Tag Archives: Christophe

Christophe by Barbra Austin


This restaurant is now closed.

Practical information

Former location: 8 rue Descartes, 75005

Reviews of interest 

John Talbott (2013) “Three of us had the sublime sweetbreads on mashed potatoes that even I swooned over, and Colette had some beautiful veal cooked to perfection. All of us shared in two chocolate mousses which were again classic and superb.”

Aaron Ayscough (2011) “…one of the greatest meals I’ve had in Paris, replete with well-chosen natural wines at prix caviste, many from unexpected vintages, and meats – almost nothing but meats – selected with the kind of care one normally associates with high-caste arranged marriages.”

Barbra Austin (2011) “…a culinary bright spot in a Paris neighborhood full of student bars, kebab shops, tourist traps…The menu is filled with marquee monikers: Bordier butter, steaks aged by super-butcher Desnoyer, greens grown by Annie Bertin…”

Food Intelligence (2011) “Les produits sont effectivement impeccables et la réalisation des plats à l’instar de jeunes poireaux (Annie Bertin), crème crue balsamique et lard croustillant (10€) ne manque pas de coeur. Quand au ris de veau meunière et purée de Pompadour,  il pourrait être inscrit au patrimoine mondial des gourmand…”

Alexander Lobrano via T Magazine (2009) “…grilled duck breast with pear-turnip compote, and a lemon mille-feuille made with the Menton lemons…The culinary passion and excellence of this kitchen — Philippe even makes his own puff pastry — stunned me.”

Julot (2008) “The place clearly advertises that it has all the best ingredients one must have those days in Paris: porc basque, boeuf de Coutancie, bread from Du Pain et Des Gâteaux, etc… Prices are rather friendly considering the ingredients and the skills used…”

Chrisoscope (2008) “Je reste sur une bonne impression de Christophe, mais dans le genre bonne cuisine de bistrot de quartier, j’ai plus près chez moi.”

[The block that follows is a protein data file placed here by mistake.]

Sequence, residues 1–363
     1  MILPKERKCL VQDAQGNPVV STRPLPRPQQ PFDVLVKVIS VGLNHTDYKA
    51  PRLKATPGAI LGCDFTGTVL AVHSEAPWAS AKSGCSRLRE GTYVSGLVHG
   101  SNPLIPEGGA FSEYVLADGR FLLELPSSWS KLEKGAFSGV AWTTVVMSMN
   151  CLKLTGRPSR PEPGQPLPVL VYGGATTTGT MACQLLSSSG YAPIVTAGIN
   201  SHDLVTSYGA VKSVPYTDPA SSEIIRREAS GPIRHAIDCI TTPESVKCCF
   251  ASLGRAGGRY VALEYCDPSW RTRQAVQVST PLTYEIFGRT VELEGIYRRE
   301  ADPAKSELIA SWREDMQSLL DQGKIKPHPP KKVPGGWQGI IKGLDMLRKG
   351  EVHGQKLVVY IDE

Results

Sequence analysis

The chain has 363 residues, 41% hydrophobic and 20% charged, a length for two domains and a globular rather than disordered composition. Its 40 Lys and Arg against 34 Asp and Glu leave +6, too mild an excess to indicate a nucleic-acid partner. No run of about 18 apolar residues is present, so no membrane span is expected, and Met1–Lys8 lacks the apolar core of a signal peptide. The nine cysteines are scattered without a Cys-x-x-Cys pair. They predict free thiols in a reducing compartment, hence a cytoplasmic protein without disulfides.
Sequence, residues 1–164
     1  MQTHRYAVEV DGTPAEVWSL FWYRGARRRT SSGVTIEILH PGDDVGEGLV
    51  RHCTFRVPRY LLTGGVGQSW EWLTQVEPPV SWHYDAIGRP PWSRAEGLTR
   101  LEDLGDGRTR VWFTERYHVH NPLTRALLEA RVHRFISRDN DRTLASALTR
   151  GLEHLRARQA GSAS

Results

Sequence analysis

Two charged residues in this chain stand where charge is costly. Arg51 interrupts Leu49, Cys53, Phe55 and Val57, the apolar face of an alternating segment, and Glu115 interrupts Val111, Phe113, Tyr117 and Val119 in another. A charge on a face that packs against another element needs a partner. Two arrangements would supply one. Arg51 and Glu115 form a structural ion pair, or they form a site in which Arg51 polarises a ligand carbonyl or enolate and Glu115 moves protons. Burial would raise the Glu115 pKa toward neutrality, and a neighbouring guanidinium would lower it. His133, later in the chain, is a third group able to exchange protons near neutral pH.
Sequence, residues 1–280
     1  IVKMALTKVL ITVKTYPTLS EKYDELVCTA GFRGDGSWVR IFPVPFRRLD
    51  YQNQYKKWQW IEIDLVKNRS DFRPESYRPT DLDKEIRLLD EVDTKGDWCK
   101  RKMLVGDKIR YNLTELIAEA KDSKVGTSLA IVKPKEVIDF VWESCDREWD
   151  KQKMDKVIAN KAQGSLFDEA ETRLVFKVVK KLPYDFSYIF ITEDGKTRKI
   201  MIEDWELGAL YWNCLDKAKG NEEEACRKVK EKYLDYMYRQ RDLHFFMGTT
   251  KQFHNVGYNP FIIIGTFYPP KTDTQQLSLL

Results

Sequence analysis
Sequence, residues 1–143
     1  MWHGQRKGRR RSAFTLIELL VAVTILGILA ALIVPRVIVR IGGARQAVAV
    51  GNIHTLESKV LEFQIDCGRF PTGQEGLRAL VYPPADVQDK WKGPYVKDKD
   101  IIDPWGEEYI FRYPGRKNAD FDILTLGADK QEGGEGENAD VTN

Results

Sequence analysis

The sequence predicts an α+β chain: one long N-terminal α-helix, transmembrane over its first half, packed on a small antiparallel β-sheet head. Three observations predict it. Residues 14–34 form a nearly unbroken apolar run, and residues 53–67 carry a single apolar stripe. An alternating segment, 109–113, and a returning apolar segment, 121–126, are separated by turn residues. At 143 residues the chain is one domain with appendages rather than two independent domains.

François Simon (2007) “…un gastro comme on les aime. Une addition douce et des formules dans tous les coins.”

John Talbott (2006) “The only disappointments were the crummy décor… and service that ground to a halt after the dessert was served (an old, familiar problem.)”




Photo by Gustavo Devito via Flickr

Eating & Drinking the Latin Quarter

The Latin Quarter gets a bad rap from those who only know the tourist-clogged rues de la Huchette or Pot de Fer. If you haven’t been back in a few years, you’ve missed the food and wine renaissance that’s taken place amid the Roman and Medieval monuments.

Best for Breakfast or Afternoon Coffee

Eric Kayser baguettes

Eric Kayser – his original bakery can be found at 8 rue Monge (closed Tuesday). A few doors south at #14 is another outpost with bar seating and tables outside – a better option if you’d like to stay and have coffee with your croissant. They sell sandwiches at lunchtime, too. Closed Monday.


Coutume Instituutti – coffee and other beverages in a bright and airy space with reliable wifi. A few Scandi-inspired nibbles (it’s inside the Finnish institute) are served for breakfast and lunch. Closed Monday.

sugarplum cake shop

Sugarplum Cake Shop – carrot cake and other American sweets, along with refillable drip coffee from Café Lomi and sometimes-working wifi. Open 12-7pm (afternoon only) Tuesday-Sunday. Closed Monday.

Best for Lunch

Café Le Papillon – this one is a dive, but has great charm. It has for years been the cheap lunch spot of choice for many of the merchants who work on the rue Mouffetard. The only change in recent times has been the addition of a framed photo of Joel Robuchon and Eric Ripert dining here during filming for an episode for Anthony Bourdain’s show No Reservations (video above).

Terroir Parisien

Terroir Parisien – dinner is also great, but you can’t beat this place for the price/quality/efficiency ratio at lunch. Get in and out with a plat du jour or haute croque monsieur without needing a reservation or  two hours to devote to lunch. Open every day.

Best for Apéro


Brewberry – beer fans will want to pay a visit this haven where Cécile Delorme sells hundreds of different brews, ranging from traditional Belgian to cult Norwegian. A rotating selection is stocked cold for immediate consumption, and there are a few tables outside for sipping on the sidewalk. Closed Monday.